School safety officials told representatives of the media that they discussed several topics with local school administrators during a conference Monday including resource officers, school training programs and mental health issues.
Officials said the issue of gun control was not discussed; however, the possibility of teachers carrying guns was. Officials said the issue of armed teachers "was unrealistic."
"You can make sure someone knows how to use a firearm and shoot it, but you need to make sure the person who has that firearm knows how to use it in a school setting and to expect that, you're going to (have to) be able to train teachers and principals to do that," said Connecticut Association of Public School Superintendents executive director Joe Cirasuolo. "The folks that came yesterday feel it's very unrealistic and can cause more problems than it's worth."
Educators from across the country came to Connecticut to learn more about what can be done to keep schools and children safe at a security symposium at the Aqua Turf in Southington on Monday.
More than 850 people attended the event. Educators, members of police and fire departments, mayors and town managers came together and discussed what changes need to happen to prevent another school shooting.
The conference was held after Adam Lanza, 20, shot and killed his mother while she slept at her home before he went to Sandy Hook Elementary School and killed 20 children and six adults on Dec. 14. He killed himself as police made their way into the building.
Since the Newtown school shooting, parents told Eyewitness News their habits have changed.
"I've noticed more parents picking up their kids and dropping them off instead of taking the bus, so there is a lot of concern," said parent Susan Cancian.
Safety reviews are under way in school districts statewide such as Ellington, Wolcott and Waterbury.
In Glastonbury, school officials are putting in place $600,000 in security upgrades including guards at elementary schools.
In Bristol, administrators are tightening up their buzzed entry.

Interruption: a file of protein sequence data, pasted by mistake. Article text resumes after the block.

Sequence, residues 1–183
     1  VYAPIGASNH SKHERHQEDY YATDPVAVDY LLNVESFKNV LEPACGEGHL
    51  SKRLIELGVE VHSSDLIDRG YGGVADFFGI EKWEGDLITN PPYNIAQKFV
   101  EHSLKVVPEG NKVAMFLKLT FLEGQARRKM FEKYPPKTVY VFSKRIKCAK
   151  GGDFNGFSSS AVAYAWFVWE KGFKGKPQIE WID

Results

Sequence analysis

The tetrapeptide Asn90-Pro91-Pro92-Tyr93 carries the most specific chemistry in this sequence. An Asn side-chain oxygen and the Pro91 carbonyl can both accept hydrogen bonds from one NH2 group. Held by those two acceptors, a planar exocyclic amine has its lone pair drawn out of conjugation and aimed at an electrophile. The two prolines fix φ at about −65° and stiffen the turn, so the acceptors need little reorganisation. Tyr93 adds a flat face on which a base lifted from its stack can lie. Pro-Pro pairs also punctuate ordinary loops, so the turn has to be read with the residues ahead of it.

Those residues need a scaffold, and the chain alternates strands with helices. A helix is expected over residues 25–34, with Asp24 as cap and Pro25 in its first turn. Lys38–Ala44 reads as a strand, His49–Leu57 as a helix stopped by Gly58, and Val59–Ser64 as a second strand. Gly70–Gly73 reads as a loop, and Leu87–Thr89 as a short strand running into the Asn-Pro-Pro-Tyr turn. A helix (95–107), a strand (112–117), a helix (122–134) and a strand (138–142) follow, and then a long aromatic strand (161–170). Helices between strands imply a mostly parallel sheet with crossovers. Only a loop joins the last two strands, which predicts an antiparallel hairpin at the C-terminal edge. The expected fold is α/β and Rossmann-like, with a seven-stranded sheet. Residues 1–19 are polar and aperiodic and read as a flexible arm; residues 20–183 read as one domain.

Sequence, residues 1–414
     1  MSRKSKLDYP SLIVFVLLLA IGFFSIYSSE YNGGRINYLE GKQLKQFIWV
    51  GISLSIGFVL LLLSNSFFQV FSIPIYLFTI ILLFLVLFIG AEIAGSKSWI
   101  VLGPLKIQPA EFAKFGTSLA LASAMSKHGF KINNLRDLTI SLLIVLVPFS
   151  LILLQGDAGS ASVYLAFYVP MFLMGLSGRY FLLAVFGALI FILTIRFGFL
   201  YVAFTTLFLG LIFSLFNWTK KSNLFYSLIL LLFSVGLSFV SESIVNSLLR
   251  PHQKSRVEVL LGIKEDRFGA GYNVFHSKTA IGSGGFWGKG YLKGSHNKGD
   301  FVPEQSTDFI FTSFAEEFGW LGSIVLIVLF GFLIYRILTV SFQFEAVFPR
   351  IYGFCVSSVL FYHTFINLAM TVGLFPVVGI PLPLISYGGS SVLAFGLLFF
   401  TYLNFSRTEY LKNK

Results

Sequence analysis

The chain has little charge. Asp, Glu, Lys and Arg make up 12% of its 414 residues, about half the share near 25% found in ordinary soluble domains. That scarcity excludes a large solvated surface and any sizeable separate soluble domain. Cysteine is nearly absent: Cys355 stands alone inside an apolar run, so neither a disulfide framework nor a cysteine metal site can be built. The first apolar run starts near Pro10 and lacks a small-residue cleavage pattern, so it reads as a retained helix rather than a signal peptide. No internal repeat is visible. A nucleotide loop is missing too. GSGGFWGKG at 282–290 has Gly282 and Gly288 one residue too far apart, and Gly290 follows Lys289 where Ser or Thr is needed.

In New Britain, officials reviewed security last month, including cameras that monitor visitors.
With tight school budgets, the question of how to pay for some of these possible changes was also discussed.
"We are going to have to come to terms with that and say OK, if we want to protect our children and we know there are things that can be done," Cirasuolo said. "Then we are going to have to find some way to fund it. People will have to come up with the money to do that way."
While there is no "one size fits all" approach, leaders said everyone needs to get on board.
"What we are recommending is that you look at all of the strategies that were presented and come together as a community as find out what's best for your community and for each school in your community," Cirasuolo said.
The security symposium, which was put together in two weeks, was presented by a number of organizations, including the state Department of Education, the Connecticut Association of Schools and the Connecticut Association of Public School Superintendents.
Just because the meeting is over doesn't mean the discussion will end. Participants filled out surveys to show what they're doing differently. And parents were happy about administrators and town officials going the extra mile.
"Anything positive for the school would be great," said parent Maria Santiago. "I'm 100 percent for them."
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